The Committee on Constitutional Affairs of the European Parliament commissioned a group of mathematicians to recommend a formula that would apportion the seats of the European Parliament among Member States in a manner that was ‘durable, transparent and impartial to politics’. This led to the publication of the Cambridge Compromise of 2011, which was drafted in accordance with the constraints set by the Lisbon Treaty. The recommendations propose a two-step process termed the ‘Base+prop method’. In the first stage, a fixed number of seats is allocated to each country. In the second stage, the remainder is distributed in proportion to population sizes with upwards rounding. This rule does not apply to the most and least populous countries for which a respective maximum and minimum ceiling is predetermined. This method can be considered a suitable compromise between the proportional representation system followed in India and the strict degressive representation system followed in the US Senate, where every state has two seats irrespective of its population size.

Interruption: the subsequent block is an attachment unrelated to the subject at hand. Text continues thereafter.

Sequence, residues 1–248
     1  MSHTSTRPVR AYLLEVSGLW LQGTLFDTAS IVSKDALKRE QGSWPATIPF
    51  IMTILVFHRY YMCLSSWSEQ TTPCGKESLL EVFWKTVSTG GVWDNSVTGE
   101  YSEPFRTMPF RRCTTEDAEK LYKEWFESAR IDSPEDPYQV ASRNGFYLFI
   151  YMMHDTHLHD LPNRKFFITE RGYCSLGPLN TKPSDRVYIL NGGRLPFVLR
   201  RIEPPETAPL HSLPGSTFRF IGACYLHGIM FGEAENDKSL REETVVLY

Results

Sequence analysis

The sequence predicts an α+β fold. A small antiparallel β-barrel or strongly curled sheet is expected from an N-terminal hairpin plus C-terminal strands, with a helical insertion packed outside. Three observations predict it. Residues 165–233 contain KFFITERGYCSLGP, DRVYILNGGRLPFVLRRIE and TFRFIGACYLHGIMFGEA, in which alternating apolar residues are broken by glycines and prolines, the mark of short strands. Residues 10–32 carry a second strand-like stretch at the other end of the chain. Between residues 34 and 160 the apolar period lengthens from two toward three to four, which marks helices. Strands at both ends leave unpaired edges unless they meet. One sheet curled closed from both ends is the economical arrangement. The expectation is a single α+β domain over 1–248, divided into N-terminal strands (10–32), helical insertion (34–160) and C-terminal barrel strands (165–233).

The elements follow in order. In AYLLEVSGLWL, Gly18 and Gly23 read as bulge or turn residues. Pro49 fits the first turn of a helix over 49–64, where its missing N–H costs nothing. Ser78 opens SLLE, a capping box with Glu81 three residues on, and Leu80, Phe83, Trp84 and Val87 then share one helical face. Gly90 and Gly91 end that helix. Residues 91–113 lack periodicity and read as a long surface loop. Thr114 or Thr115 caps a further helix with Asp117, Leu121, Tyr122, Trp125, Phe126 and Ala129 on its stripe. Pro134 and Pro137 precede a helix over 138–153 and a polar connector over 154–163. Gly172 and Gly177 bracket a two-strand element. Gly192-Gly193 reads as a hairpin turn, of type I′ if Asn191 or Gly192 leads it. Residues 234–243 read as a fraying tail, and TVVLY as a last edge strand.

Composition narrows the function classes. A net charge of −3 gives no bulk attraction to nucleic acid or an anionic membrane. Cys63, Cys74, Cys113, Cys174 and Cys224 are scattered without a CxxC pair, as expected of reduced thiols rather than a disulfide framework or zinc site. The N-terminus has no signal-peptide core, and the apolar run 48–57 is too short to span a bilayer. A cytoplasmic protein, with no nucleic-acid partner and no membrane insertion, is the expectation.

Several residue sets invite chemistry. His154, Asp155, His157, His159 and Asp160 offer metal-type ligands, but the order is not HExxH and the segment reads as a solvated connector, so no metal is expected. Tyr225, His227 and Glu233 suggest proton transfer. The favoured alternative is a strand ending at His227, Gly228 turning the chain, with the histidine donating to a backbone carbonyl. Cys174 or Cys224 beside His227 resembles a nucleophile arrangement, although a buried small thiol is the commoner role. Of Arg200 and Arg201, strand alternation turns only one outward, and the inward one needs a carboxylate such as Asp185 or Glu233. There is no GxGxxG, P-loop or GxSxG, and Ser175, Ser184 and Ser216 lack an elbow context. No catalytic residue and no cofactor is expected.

Despite the composition of the European Parliament broadly adhering to the principle of degressive proportionality, scholars criticise it as a highly unequal parliament. They argue that smaller Member States are over-represented, leading to a ‘structural democratic deficit’ in the EU. The Cambridge Compromise, which could have slightly corrected this inequality post-Brexit, was also rejected in favour of a ‘pragmatic solution’ where no EU country loses any seats, while under-represented countries gain between one and five.  

In conclusion, while the Cambridge Compromise can be adjusted and localised to the Indian context, the bigger challenge would be to garner the political will to enact such drastic parliamentary reforms. Irrespective of the solution adopted, however, India should utilise this opportunity to reform representation in parliament in a way that protects the interests of the smaller states while simultaneously distributing seats to reflect population differences.

About the author

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Vishwesh Sundar is a recent graduate of the Advanced Master in International Relations and Diplomacy at Leiden University, The Hague. He was previously a research assistant at the Clingendael Institute in The Hague and contributed to projects as part of the EU-India Think Tank Twinning Initiative.